Again referring to FIG. 1, the outer flange surface 44 is mounted on block 11 by use of an indium solder seal 48. The indium seal provides a gas tight seal between cathode 40 and block 11.

Cathode 40 composed of Invar is also an ultra-low expansion material which suitably matches the ultra-low expansion material of block 11 composed of quartz and the like. The inner surface of the housing which defines the cathode cavity is also coated with a low sputtering electrically conductive material 49. The cavity surface 49 serves as an electron emitting surface which forms in part the gas discharge device. The electrically conductive material is intended to be a low sputtering variety to avoid sputtering of the cathode material by positive ions in the gas discharge device. Two electrically conductive materials which satisfy the low sputtering requirement include aluminum oxide and beryllium oxide.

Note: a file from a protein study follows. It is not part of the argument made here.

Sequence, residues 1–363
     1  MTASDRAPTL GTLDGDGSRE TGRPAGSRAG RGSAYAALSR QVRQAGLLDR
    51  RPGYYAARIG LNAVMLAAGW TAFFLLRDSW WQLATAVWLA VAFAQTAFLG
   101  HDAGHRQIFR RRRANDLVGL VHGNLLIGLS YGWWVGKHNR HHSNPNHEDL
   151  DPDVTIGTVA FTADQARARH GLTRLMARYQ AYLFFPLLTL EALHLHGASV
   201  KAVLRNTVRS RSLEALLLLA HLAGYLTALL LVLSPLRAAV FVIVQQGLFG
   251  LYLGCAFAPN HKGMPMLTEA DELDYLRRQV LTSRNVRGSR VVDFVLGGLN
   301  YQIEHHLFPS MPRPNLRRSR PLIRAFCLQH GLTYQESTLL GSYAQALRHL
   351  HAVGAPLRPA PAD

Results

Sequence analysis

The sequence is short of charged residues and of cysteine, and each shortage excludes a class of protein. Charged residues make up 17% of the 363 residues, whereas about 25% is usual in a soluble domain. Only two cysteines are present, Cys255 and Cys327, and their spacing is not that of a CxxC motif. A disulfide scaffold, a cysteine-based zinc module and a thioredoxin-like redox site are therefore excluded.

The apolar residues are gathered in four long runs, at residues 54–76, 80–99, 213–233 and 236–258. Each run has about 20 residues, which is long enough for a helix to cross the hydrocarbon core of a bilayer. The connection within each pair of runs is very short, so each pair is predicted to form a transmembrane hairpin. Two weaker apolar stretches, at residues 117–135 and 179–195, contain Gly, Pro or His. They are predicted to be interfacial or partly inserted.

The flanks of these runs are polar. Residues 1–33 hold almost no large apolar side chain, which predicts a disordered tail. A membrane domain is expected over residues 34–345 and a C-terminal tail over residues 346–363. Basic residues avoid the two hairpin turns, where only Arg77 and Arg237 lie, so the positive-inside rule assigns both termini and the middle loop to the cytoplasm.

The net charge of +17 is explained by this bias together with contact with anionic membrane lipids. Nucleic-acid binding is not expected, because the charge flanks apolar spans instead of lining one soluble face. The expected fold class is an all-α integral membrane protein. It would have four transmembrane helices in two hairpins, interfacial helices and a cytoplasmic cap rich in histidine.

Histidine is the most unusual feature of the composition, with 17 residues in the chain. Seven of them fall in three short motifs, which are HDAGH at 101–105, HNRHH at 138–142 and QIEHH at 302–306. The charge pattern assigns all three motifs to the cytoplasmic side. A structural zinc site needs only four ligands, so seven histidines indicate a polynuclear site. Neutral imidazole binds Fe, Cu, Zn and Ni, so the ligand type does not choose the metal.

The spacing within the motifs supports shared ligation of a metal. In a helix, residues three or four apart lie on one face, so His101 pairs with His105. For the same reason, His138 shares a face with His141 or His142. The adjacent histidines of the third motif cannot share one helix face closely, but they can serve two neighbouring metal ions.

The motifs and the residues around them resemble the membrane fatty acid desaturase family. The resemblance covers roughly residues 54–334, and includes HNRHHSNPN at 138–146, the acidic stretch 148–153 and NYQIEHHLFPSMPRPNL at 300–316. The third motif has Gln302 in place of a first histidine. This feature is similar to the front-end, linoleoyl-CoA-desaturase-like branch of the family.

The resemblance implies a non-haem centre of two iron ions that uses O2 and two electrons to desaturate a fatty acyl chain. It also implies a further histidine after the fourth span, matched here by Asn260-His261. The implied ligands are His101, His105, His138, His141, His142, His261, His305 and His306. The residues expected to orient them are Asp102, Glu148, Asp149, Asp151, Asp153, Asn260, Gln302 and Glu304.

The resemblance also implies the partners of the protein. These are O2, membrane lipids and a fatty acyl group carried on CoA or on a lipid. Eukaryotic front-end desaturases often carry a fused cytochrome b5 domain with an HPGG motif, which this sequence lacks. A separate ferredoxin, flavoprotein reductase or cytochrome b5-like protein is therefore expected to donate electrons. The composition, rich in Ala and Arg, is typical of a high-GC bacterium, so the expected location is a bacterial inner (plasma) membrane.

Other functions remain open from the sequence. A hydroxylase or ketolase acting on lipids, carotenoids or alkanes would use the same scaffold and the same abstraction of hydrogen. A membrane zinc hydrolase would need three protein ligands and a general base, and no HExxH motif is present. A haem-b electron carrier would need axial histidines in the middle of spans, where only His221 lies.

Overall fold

The foregoing description of the embodiment of the invention provides a highly matched cathode-block construction. Practice of the invention will yield long life laser operation where the laser block is made of a material having an ultra-low thermal expansion coefficient.

By way of another example, a ring laser block may also be provided by glasses such as a BK-7 glass. In this situation, Invar (36% nickel-64% iron) does not have thermal expansion characteristics which match BK-7 glass. However, a cathode composed of Kovar having substantially a composition of 29% nickel and 53% iron composition with 17% cobalt provides a cathode having a thermal coefficient which suitably matches a BK-7 type block.